Call for papers, RGS-IBG Annual International Conference, 28-30 August 2019, London


Methods for engaging communities on creating sustainable futures


It is increasingly recognised that addressing complex sustainability challenges requires collaboration with a diverse range of social actors. In the context ofgrowing emphasis on research impact and social engagement (Morris et al., 2017), social sciences and the humanities are paying increasing attention to community-based research and practical applications thereof. Simultaneously, academics are facing mounting pressures associated with neoliberalisation ofeducation and research institutions.


Geographers, other social scientists and humanities based researchers are therefore increasingly concerned with activist and engaged scholarship (Torres, 2018; Thorpe, 2012; Manzini, 2015). Subsequently, they provide a geography of hope that has the potential to bring about positive change through citizen engagement and in response to continually dominant neoliberal economic and political paradigms.


Innovative methods and approaches to engage citizens on themes ofsustainability transitions have proliferated in recent years. Examples include speculative design (Hunt, 2011; Broms, Wangel and Andersson, 2017), living labs (Jaskiewicz, Keyson and Doolaard, 2016) and envisioning futures (Davies, Doyle and Pape, 2012). These are contributing to cross-cutting, human-geographical debates regarding civic engagement and critical consideration of practice in relation to  ethics, politics and knowledge production (Jazeel and Farlane, 2010, Askins, 2018). Here, efforts to move beyond traditional extractive modes of knowledge production are drivingmethods that enable research for as well as with and by citizens andcommunities (Smith, 2011; 2016).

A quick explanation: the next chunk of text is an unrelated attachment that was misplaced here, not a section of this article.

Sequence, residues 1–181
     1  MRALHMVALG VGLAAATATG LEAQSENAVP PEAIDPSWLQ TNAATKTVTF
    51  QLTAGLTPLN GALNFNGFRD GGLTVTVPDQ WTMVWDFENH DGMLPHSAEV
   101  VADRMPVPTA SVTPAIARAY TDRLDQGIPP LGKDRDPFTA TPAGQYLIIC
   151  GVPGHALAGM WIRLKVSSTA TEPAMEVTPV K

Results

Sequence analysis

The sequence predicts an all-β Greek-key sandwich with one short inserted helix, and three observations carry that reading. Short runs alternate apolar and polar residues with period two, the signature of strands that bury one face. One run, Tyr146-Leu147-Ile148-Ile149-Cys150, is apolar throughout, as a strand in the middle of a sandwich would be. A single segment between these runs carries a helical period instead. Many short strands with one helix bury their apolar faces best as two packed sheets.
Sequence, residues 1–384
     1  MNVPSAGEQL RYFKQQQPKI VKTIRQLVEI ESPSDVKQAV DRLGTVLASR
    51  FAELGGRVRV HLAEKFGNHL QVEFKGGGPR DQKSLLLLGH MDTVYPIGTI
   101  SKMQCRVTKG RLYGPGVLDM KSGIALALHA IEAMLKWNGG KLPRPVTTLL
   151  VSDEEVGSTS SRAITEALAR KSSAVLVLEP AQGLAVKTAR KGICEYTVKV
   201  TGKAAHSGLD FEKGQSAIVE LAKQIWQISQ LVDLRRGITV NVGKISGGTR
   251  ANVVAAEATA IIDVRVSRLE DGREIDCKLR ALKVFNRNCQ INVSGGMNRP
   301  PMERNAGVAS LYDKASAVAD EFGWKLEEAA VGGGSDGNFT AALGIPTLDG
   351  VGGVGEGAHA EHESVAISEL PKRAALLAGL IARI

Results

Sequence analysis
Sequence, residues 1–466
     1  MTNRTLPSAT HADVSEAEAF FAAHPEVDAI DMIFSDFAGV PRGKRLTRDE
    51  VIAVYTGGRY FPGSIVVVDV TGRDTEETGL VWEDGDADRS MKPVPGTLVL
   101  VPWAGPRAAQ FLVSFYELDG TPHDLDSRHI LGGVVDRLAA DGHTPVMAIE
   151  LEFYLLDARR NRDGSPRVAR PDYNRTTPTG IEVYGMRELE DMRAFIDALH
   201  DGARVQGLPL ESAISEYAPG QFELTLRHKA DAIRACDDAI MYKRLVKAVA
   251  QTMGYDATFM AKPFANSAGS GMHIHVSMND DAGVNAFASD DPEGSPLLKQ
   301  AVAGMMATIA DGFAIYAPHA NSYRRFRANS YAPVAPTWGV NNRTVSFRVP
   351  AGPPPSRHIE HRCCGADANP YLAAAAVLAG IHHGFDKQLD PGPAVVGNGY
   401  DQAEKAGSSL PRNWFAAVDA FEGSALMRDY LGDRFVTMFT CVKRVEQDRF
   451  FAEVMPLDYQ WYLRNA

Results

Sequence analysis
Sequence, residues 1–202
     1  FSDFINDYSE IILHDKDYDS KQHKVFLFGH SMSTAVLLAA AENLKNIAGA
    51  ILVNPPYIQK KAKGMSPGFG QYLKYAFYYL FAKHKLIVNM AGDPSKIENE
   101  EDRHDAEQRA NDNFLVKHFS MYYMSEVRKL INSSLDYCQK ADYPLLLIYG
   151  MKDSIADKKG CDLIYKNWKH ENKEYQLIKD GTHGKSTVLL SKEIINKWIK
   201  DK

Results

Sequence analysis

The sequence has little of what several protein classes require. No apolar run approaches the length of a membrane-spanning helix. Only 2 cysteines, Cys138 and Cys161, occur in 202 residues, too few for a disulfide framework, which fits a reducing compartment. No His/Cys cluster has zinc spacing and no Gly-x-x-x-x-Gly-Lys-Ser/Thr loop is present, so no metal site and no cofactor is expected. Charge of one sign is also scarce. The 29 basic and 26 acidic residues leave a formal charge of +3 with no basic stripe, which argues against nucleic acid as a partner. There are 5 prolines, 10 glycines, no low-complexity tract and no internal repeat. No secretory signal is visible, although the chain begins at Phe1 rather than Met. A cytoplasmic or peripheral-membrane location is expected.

The session seeks to explore experiences and methods of community engagement in research addressing complex sustainability challenges. It is open to submissions from a wide variety of thematic and geographic contexts as well as disciplinary backgrounds. We invite practitioners, researchers and activists to share experiences and critical perspectives on working with citizens and communities on sustainability challenges.


Submissions may explore but are not limited to the following themes:

●           Participatory and co-design methods

●           Methods for envisioning futures

●           Storytelling

●           Living labs

●           Design activism

●           Artivism

●           Participatory action

●           Transition towns

●           Asset based approaches

●           Interdisciplinary and cross-sectoral work

●           Issues of power and positionality

●           Social innovation methods

●           Design anthropology



Instructions for Authors:

Abstracts of up to 250 words should be sent by email to the session convenors Dr Anne Schiffer ( and Dr Mary Greene ( by Tuesday 12 February 2019.